‘Our own badge of courage’: Mid-South nurses balance stress of working with COVID-19


MEMPHIS, Tenn. — Medical professionals willingly expose themselves to the COVID-19 pandemic every day, and it’s taking a toll on another group of front line workers.

They’re left with thankless days, sleepless nights, exhaustion, risk and fear, but many Mid-South nurses sign up exactly for this.

“I mean, I didn’t know it was going to be to this extent, but this I think is something we all signed up for, and this is what we do,” said Brett Walker, nurse manager at Baptist Memorial Hospital.

Walker has been a nurse for seven years.

“I don’t think any of us has ever seen anything like this,” he said.

Walker and his colleagues always expected the work, but they couldn’t anticipate the uncertainty.

“You know, initially, everyone really was stressed out, and there was a lot of fear and not knowing; the fear of the unknown,” Walker said. “We were all scared, but I think as we learn more, and the anxiety has kind of gone down for my team, and we kind of wear it on our sleeve like our own badge of courage.”

It’s a badge that’s increasingly difficult to earn.

Nurses everywhere are caring for critically ill patients with infectious diseases, which raises the stress level of protecting yourself and more importantly your family.

“So I change in the garage, and I go directly to the shower before I’m able to do anything,” Walker said. “That way I can feel comfortable going home and seeing my family. They’re scared when we leave, and then they’re scared when we come home, so you know, not only do we have to take care of our patients, but we have to go back home and take care of our families, too.”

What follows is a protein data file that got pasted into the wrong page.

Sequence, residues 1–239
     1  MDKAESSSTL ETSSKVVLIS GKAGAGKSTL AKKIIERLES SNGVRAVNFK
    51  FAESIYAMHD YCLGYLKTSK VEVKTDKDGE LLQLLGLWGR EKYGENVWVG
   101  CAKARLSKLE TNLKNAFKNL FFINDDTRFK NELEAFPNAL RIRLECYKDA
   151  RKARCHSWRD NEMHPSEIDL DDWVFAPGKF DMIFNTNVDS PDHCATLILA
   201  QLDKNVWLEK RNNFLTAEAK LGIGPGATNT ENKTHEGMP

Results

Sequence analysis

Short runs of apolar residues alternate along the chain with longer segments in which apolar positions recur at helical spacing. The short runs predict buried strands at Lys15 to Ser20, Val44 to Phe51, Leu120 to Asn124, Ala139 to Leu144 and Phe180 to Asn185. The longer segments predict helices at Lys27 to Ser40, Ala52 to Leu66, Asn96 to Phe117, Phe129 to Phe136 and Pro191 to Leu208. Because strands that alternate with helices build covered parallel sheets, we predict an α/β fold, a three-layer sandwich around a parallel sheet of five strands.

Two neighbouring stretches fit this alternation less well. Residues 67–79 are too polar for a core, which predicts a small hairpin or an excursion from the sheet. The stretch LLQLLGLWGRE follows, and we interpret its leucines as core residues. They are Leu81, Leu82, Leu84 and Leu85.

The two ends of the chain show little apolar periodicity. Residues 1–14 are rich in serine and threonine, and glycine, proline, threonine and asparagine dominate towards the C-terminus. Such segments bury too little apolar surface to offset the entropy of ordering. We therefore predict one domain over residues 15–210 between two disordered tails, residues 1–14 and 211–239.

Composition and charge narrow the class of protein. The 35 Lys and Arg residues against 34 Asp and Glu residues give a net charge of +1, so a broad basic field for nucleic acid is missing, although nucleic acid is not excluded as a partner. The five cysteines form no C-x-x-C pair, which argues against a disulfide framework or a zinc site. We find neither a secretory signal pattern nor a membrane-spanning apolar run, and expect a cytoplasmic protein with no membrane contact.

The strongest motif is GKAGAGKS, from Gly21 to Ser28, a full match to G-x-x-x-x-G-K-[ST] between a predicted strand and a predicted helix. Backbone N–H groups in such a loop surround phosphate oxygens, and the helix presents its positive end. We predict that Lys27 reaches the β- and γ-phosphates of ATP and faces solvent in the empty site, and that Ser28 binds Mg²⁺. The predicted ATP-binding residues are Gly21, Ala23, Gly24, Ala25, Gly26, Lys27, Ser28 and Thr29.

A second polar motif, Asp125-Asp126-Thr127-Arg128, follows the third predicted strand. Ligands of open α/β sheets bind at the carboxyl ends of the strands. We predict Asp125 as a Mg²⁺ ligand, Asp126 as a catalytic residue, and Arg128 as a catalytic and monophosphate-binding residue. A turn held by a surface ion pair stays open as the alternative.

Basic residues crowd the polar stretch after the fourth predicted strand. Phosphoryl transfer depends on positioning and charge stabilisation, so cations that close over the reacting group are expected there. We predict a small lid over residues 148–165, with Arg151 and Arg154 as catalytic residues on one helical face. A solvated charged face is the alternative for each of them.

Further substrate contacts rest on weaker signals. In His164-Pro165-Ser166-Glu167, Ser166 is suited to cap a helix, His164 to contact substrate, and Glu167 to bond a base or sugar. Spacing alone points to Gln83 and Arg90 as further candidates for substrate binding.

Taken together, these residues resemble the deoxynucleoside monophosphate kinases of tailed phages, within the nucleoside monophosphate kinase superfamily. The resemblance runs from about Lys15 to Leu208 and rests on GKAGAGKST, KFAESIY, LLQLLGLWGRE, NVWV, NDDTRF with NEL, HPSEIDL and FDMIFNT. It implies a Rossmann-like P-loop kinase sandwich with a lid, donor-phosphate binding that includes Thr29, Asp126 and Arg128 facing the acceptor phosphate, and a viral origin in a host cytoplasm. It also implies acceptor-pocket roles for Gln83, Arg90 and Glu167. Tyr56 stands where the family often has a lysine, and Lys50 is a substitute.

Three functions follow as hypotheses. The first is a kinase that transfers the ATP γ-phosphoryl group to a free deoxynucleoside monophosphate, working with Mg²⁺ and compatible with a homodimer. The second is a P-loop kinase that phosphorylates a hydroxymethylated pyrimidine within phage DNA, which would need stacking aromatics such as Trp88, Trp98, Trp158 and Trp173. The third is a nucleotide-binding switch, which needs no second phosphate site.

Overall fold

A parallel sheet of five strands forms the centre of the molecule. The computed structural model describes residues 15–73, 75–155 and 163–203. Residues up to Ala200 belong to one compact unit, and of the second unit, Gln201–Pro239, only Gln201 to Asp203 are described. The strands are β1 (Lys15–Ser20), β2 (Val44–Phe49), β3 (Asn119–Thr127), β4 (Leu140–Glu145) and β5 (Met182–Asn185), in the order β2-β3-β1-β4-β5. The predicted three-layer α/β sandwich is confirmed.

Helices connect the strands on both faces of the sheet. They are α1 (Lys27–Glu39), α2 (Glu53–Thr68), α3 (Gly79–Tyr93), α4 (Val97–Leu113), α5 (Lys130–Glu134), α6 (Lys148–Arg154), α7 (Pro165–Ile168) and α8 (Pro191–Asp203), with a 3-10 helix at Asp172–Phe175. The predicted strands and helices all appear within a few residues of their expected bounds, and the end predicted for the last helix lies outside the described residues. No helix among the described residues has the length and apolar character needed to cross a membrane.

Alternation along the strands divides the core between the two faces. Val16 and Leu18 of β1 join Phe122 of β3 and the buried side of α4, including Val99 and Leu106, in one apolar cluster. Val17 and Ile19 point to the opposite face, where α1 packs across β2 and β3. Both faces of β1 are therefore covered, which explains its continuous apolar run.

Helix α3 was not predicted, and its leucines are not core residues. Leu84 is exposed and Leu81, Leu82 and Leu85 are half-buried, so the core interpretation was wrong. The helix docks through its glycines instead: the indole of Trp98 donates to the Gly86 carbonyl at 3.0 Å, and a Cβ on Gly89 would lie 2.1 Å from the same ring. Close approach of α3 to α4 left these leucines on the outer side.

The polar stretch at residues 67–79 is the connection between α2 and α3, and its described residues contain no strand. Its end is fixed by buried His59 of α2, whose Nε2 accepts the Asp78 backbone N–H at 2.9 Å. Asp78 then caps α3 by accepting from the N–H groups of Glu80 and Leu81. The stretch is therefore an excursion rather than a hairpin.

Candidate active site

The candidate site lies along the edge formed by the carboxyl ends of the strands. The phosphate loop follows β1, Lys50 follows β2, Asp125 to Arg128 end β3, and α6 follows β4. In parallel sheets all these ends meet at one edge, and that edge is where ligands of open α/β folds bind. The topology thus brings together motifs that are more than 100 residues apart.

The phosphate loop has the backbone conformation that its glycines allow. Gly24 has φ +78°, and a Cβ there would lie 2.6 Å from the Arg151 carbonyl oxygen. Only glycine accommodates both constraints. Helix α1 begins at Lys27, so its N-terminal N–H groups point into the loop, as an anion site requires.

For many, that stress has changed the way they’re doing their job.

“I’m a nurse practitioner in an emergency department, and every person who walks through the door, we consider potentially infectious,” said Carla Kirkland, president of the Tennessee Nurses Association. “Any person who comes in with fever and respiratory problems gets a mask immediately and put in a room as quickly as possible.”

If anxiety is sky-high, so too is the resolve and commitment. So they soldier on and nervously await the surge.

“Our capacity to take care of these patients here is exceedingly high, and it’s fortunate we haven’t had to use it right yet,” Walker said. “In the in the event we have to have an influx of patients, we’re prepared to take care of it.”

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